We all have had mentors in our lives, acknowledged and unacknowledged, and thus we have all been mentees, pupils, students of those mentors. My wife of nearly 47 years, Diana, has been my best and most trusted mentor, leading and guiding me to emotional parts of myself that I hardly knew I had, to depths of love and loving I would never have experienced without her insistent and tender directions. She was, is, and remains the true light of my living.
However, I also had a mentor for my intellectual life, a wise and cherubic scholar of the Hebrew Bible, W.J.A. Power, a transplanted Canadian from Toronto who has lived nearly all his life in Dallas, Texas, having taught at Perkins School of Theology for over forty years before his retirement. Bill taught Hebrew at the seminary and especially what he called “baby Hebrew,” the introductory class at which he was a master. My participation in that class in 1968-69 changed the course of my life forever. After about a month in that class with Bill Power, I just knew I wanted to do what he did; I wanted to teach Hebrew as well as all the subsidiary fields that surround the language: history, culture, theology, literature. I saw myself as mentee to Bill’s role as mentor.
And so it was with Elijah and Elisha. The former is described to us as the latter’s mentor. In that relationship, Elijah fulfills the demand of YHWH to him on the holy mountain right after Elijah has been challenged to get about his prophetic business rather than remain with YHWH on the mountain, contemplating the divine mystery. Elijah went to Horeb because he claimed he was alone, “one prophet for YHWH.” Wrong, shouts YHWH! There are in fact seven thousand others “who have not bowed the knee to Baal” (1 Kings 19:18). Elijah needs to open his eyes to see that he is far from alone as a follower of the one God.
One of his first acts after YHWH’s call is to “anoint Elisha son of Shaphat of Abel-meholah as prophet in your place” (1 Kings 19:16). He finds his successor in a field plowing, hitched to the twelfth of twelve oxen. When Elijah sees him, he “threw his mantle (cloak) over him” (1 Kings 19:19). This action appears to be a sign that Elisha is the prophetic heir of Elijah, but we note that Elisha does not immediately follow his master, but first asks if he might “kiss his father and mother.” Elijah grants this request but uses an odd phrase in doing so. “ Go, return, for what have I done to you” (1 Kings 19:19)? What does Elijah mean by that enigmatic phrase? The only thing he has done is toss his cloak over Elisha, an act that implies his choice as new prophet. Yet, Elisha has unfinished business with his family before running after the mysterious Elijah, and perhaps Elijah himself is less than eager to choose this particular mentee, implying by his peculiar choice of words that Elisha’s demand to take leave of his family before following him is less than what the mentor expected. We Christians are of course put in mind of Jesus’s harsh demand to his followers to leave all and follow him without question. When a would-be disciple begs time to say goodbye, Jesus speaks quite directly that “no one who puts a hand to the plow and looks back is fit for the kingdom of God” (Luke 9:62). The mentor-mentee relationship thus begins rather shakily, and that difficulty will not be removed as the story proceeds.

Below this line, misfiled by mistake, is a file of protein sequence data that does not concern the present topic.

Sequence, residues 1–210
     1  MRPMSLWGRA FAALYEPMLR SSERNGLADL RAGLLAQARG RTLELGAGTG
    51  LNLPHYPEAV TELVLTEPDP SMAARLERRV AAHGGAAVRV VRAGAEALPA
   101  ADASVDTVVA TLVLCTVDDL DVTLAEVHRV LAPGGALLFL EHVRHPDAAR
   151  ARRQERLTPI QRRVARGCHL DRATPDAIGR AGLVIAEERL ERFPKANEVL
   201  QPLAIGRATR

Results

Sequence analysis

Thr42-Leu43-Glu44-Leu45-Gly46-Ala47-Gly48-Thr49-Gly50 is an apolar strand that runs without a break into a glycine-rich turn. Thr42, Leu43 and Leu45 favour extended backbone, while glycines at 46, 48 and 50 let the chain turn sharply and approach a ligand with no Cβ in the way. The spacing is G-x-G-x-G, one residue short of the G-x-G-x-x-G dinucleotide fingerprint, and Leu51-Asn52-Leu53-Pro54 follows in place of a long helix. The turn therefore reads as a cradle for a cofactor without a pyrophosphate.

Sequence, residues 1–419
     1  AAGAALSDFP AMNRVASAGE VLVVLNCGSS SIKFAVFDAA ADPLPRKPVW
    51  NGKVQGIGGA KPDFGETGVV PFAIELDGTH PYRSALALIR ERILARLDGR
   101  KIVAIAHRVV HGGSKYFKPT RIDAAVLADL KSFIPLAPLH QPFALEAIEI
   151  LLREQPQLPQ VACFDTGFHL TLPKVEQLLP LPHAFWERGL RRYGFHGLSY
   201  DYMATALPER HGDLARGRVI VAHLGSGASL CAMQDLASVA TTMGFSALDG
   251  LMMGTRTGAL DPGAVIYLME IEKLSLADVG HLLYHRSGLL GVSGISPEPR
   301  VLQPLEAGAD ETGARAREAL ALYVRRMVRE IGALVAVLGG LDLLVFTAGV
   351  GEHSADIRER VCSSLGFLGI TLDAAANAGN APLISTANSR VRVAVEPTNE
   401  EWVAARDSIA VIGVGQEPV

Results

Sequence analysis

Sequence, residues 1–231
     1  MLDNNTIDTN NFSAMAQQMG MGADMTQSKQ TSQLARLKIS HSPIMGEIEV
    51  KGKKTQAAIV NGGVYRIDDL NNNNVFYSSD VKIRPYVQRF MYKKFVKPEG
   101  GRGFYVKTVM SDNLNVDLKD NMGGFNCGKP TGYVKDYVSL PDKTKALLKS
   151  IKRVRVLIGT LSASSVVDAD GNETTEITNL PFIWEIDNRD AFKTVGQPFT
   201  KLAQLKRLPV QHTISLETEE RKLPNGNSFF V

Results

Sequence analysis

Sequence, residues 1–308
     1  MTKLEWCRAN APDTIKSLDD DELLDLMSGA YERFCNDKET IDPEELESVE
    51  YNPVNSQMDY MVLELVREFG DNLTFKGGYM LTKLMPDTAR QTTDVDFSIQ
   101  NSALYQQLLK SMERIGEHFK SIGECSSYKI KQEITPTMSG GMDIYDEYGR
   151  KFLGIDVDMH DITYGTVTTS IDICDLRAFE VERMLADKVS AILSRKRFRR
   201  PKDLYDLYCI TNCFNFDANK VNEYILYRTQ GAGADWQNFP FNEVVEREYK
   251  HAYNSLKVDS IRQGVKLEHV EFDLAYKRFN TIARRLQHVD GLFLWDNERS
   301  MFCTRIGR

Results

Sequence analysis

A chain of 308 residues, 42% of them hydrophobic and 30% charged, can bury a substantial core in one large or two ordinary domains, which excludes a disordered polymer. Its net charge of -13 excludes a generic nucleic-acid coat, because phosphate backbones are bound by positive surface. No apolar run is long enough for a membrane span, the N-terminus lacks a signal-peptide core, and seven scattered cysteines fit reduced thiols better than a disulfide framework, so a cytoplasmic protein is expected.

My relationship with Bill was a similar one in certain respects. He recognized in me an eager student who wished to absorb from him all that he knew. Yet, he was reluctant to allow me to get too close to him, though we had fully seven semester-long classes together in the three years of my seminary career. In addition, he became my dissertation advisor as I pursued a doctoral degree. He had written his own dissertation on the book of Job, and I intended to do the same in my work. The difficulty in our relationship came to a head the year I was writing my dissertation, the same year he was on sabbatical leave in New York City. He simply did not respond to my writing, though he had agreed to do so while he was out of Dallas. I finally had to go to the head of the graduate program and beg him to intervene; I needed to finish my work (I had taken a position as associate pastor of a bustling church in another state), and Bill was not helping. Finally, with a rather hard push from the director of the program, Bill did begin to read my work and comment upon it. I must admit that the comments were little better than cursory ones. They made the completion of my work rather easy, but I was never convinced that Bill took that work all that seriously.